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Outcomes of Perceived Workplace Discrimination: A Meta-Analysis of 35 Years of Research

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Date Issued:
2014
Abstract/Description:
Given the substantial monetary and nonmonetary costs that both employees and organizationscan incur as a result of perceived workplace discrimination, it is important to understand the outcomes of perceived workplace discrimination as well as what moderates the discrimination-outcome relationship. While other meta-analyses of perceived discrimination have been published, the current meta-analysis expands prior meta-analytic databases by 81%, increasingthe stability of the estimated effects. In addition, several prior meta-analyses have not focused exclusively on workplace discrimination. Consequently, the purpose of this meta-analysis is to provide a comprehensive quantitative review of perceived workplace discrimination, its consequences, and potential moderators of these relationships. Results showed that perceived workplace discrimination was related to decreased job satisfaction, reduced organizational commitment, greater withdrawal, and more perceived organizational injustice. Further, perceived workplace discrimination was associated with decreased mental health and physical health, lower ratings of life satisfaction, and increased work stress. Moderator analyses provided some evidence that perceiving the general presence of discrimination in one's organization may bemore detrimental than perceiving oneself to be personally targeted by discrimination at work.Additionally, moderator analyses provided some support that interpersonal discrimination maybe more detrimental than formal discrimination for some outcomes and that there may bedifferences in the perceived workplace discrimination-outcome relationships across different countries. The implications for workplace discrimination research and practice are discussed.
Title: Outcomes of Perceived Workplace Discrimination: A Meta-Analysis of 35 Years of Research.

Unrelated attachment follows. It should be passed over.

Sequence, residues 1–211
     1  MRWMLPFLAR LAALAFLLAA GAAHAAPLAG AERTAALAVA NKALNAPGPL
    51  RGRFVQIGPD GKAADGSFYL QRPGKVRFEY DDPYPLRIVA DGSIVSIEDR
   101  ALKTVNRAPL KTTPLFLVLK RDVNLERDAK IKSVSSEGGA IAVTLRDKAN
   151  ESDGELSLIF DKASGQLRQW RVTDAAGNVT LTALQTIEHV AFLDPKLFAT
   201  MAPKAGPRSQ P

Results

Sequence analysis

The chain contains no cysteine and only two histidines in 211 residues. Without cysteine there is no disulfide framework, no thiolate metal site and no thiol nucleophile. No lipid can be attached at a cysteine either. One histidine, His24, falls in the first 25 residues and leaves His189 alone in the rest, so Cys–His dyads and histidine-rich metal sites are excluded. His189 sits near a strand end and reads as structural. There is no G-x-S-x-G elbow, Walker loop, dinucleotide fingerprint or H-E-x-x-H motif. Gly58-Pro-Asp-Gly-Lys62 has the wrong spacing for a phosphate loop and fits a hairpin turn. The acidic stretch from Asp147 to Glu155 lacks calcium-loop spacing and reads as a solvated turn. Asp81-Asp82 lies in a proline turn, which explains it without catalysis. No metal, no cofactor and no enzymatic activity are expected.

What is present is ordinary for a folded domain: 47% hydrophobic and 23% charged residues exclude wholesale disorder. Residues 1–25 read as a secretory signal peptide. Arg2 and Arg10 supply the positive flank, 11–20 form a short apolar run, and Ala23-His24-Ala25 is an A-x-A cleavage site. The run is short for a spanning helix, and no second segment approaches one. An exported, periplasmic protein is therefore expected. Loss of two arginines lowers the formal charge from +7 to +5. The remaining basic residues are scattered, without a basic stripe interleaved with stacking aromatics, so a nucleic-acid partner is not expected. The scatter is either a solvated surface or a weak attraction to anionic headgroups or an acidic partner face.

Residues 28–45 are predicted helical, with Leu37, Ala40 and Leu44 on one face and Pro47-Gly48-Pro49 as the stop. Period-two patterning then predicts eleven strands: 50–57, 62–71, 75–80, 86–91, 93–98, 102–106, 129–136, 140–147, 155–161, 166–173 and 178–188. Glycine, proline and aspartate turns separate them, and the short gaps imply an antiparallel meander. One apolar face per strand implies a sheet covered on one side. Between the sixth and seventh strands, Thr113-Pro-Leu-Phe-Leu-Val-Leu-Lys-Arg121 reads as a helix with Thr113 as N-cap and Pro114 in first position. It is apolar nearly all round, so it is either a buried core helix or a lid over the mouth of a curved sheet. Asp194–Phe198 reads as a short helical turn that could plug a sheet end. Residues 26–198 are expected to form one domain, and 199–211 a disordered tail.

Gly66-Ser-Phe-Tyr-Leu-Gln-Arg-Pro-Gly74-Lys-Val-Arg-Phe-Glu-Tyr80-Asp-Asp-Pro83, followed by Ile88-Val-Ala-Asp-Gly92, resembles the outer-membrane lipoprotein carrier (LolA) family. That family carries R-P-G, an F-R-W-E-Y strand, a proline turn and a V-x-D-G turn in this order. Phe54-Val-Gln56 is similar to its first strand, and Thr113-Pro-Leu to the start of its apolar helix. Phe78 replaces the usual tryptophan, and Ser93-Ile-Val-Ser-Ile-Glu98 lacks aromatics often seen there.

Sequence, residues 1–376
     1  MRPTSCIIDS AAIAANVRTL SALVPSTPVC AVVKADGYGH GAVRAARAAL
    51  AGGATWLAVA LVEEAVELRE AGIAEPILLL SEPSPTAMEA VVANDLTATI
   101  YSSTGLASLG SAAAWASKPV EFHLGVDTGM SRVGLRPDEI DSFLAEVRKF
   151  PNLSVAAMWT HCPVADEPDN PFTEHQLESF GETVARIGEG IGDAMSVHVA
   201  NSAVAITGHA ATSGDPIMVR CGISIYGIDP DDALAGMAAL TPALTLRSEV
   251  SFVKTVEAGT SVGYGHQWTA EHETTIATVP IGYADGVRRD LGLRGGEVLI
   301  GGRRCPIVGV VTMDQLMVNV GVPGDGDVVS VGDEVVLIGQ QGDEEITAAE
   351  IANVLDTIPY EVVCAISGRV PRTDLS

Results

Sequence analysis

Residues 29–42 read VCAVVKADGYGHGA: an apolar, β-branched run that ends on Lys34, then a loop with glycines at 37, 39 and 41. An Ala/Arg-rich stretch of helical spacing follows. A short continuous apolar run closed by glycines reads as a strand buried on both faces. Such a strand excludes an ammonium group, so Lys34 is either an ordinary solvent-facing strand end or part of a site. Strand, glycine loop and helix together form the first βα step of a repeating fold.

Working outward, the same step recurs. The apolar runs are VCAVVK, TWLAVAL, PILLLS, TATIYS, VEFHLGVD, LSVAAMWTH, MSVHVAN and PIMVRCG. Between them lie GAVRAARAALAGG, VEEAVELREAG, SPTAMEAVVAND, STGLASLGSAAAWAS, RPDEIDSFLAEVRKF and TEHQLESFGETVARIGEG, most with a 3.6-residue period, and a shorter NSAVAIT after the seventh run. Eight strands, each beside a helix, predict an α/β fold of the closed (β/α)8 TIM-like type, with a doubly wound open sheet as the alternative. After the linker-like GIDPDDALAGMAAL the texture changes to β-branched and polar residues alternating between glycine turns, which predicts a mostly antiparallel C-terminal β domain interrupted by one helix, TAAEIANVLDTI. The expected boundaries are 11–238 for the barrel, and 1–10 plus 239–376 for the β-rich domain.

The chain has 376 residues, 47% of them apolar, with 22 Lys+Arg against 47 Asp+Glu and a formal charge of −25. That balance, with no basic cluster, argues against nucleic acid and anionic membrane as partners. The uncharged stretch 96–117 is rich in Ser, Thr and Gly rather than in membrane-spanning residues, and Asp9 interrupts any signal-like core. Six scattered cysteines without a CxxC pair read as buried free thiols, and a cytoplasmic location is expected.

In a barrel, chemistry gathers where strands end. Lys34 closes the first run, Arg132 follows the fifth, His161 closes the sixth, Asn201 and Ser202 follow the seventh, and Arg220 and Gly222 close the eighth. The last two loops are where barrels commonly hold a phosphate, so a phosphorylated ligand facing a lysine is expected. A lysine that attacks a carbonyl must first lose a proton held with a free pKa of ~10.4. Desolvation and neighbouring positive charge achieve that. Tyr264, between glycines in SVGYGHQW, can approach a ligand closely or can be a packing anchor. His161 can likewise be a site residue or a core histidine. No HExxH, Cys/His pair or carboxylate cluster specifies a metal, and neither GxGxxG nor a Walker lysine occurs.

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Name(s): Dhanani, Lindsay, Author
Joseph, Dana, Committee Chair
Fritzsche, Barbara, Committee Member
Beus, Jeremy, Committee Member
University of Central Florida, Degree Grantor
Type of Resource: text
Date Issued: 2014
Publisher: University of Central Florida
Language(s): English
Abstract/Description: Given the substantial monetary and nonmonetary costs that both employees and organizationscan incur as a result of perceived workplace discrimination, it is important to understand the outcomes of perceived workplace discrimination as well as what moderates the discrimination-outcome relationship. While other meta-analyses of perceived discrimination have been published, the current meta-analysis expands prior meta-analytic databases by 81%, increasingthe stability of the estimated effects. In addition, several prior meta-analyses have not focused exclusively on workplace discrimination. Consequently, the purpose of this meta-analysis is to provide a comprehensive quantitative review of perceived workplace discrimination, its consequences, and potential moderators of these relationships. Results showed that perceived workplace discrimination was related to decreased job satisfaction, reduced organizational commitment, greater withdrawal, and more perceived organizational injustice. Further, perceived workplace discrimination was associated with decreased mental health and physical health, lower ratings of life satisfaction, and increased work stress. Moderator analyses provided some evidence that perceiving the general presence of discrimination in one's organization may bemore detrimental than perceiving oneself to be personally targeted by discrimination at work.Additionally, moderator analyses provided some support that interpersonal discrimination maybe more detrimental than formal discrimination for some outcomes and that there may bedifferences in the perceived workplace discrimination-outcome relationships across different countries. The implications for workplace discrimination research and practice are discussed.
Identifier: CFE0005481 (IID), ucf:50340 (fedora)
Note(s): 2014-05-01
M.S.
Sciences, Psychology
Masters
This record was generated from author submitted information.
Subject(s): discrimination -- meta-analysis -- job attitudes -- health outcomes
Persistent Link to This Record: http://purl.flvc.org/ucf/fd/CFE0005481
Restrictions on Access: campus 2019-11-15
Host Institution: UCF

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